By Gordon Hopkins
Drilling test wells for the City of Fairbury’s water sourcing project is expected to begin sometime this month, according to Project Manager Mary Renn. The project is intended to provide the city water with a lower nitrate content. Renn spoke at a meeting of the Jefferson County Commissioners on Tuesday, December 28, to discuss the next steps.
Fairbury currently has two water sources, Crystal Springs and the East Wells. Both water sources have consistently tested in the higher range for nitrates, meaning greater than seven ppm (parts per million) but less than 10 ppm, over the past several years. While the nitrates are in the higher range, they are still in compliance with the Nebraska Department of Environment and Energy.
The city has entered into an interlocal agreement with Little Blue NRD (Natural Resources District) to cost share in a project to identify a new water source with nitrates ranging in the 0-3 ppm range, under the LBVWS (Little Blue Valley Water Systems) entity. Renn said, “There are four board members in that entity, two of them representing the City of Fairbury, and two of them representing Little Blue NRD.”
Representing the Little Blue NRD at the meeting was Scott Nelson, General Manager, and Kevin Orvis, Project Manager.
Renn said, “So the project is seeking to secure a water source northwest of Fairbury. And we did locate a targeted area where drilling will occur maybe the first, second week in January, and provided the water quality results are what the data suggests it will be, we’ll want to move forward with the project.”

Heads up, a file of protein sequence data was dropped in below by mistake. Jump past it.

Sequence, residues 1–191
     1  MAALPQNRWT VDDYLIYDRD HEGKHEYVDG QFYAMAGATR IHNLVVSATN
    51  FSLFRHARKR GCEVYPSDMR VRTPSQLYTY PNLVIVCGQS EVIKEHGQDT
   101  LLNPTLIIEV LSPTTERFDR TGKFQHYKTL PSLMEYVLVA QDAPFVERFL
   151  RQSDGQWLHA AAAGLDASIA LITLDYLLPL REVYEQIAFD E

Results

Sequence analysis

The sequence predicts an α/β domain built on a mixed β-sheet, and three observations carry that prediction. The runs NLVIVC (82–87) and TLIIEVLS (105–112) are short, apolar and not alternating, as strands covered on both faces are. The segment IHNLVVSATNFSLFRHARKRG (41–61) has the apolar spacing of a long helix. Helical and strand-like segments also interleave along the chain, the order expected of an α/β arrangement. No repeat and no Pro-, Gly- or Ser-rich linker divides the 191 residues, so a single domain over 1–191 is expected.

If the project does move forward, the city will have to determine where to place the pipeline that will carry the water to Fairbury.
Renn said, “With that, we’ll have to determine where the line is going to be built. And I think that we’re thinking about putting a lot of things in the right-of-way.”
The location of the proposed wells is approximately four miles south of Daykin and the route of the pipeline would be about 14 miles. Orvis said, “The interesting thing about it is the engineer just looking at the elevation for the location of wellfield and our water tower, if he could size the horsepower of electric motors for the wells, he could lift it high enough and let gravity flow into the water tower. But that’s just based upon the elevation of the tower, the location. He’d have to find a route to get it back to the water tower where you don’t get too high.”
This means that the project would not require a secondary pumphouse to move the water. However, that will depend on the final route of the pipeline. Orvis added, “He’s not looked at that yet because we’re still waiting to see what the test wells look like.”
County commissioners indicated they are supportive of the project. Commissioner Mark Schoenrock said, “Well, we want to do all we can to cooperate and bring this thing to fruition.”
Commissioner Michael Dux said, “Absolutely. We will work with you every step of the way.”
By Gordon Hopkins